This book was inspired by interviewee great Studs Terkel. He began interviewing in the 1950s and continued to interview well into his 90s. Today, in 2013, how has technology changed the way we now conduct interviews, and are we missing something for the sake of convenience?
Technology has changed a lot. Studs had to start out with a wire recorder, and sometimes his recorder failed and he lost some of the information. Now we have digital voice recorders that fit into the palm of your hand and have a 30-hour or so capacity. So modern technology makes the gathering of oral history much simpler. I can even do it on my iPhone 5. With a smart phone, I can record, photograph and even make a video.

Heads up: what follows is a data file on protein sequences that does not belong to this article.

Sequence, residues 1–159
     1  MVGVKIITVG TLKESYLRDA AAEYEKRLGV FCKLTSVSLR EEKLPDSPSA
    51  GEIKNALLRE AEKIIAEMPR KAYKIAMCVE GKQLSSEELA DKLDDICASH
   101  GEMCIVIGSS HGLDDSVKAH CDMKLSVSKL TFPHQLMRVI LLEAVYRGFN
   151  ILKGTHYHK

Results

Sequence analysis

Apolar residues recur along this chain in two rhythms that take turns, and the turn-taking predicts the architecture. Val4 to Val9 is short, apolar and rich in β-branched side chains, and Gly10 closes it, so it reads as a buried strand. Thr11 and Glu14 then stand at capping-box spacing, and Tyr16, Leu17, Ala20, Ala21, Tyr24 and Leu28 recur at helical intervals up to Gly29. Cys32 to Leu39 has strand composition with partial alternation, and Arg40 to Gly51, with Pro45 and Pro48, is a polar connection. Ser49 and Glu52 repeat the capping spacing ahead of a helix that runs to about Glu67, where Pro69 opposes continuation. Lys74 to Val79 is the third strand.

But like anything else in life, some folks are better at it than others. Technology does not make the man or woman. There are elements of preparation, confidence and winning the interviewee’s confidence required for a good interview. Studs was the master. He was able to do that.
In my case, I follow his lead with this difference. I inject myself into the interview to bring it to life as a real-time conversation. This also allows me to enter into the third person if I want to inject factual material or say things about the interviewee he or she can’t say for themselves.
History has always been written in terms of kings, queens, generals and statesmen. But with our modern technologies, 300 years from now, people will hear what ordinary people today said about the world they lived in, and the famous people and events in it. That’s new! That’s big! Oral history is a fast-growing genre.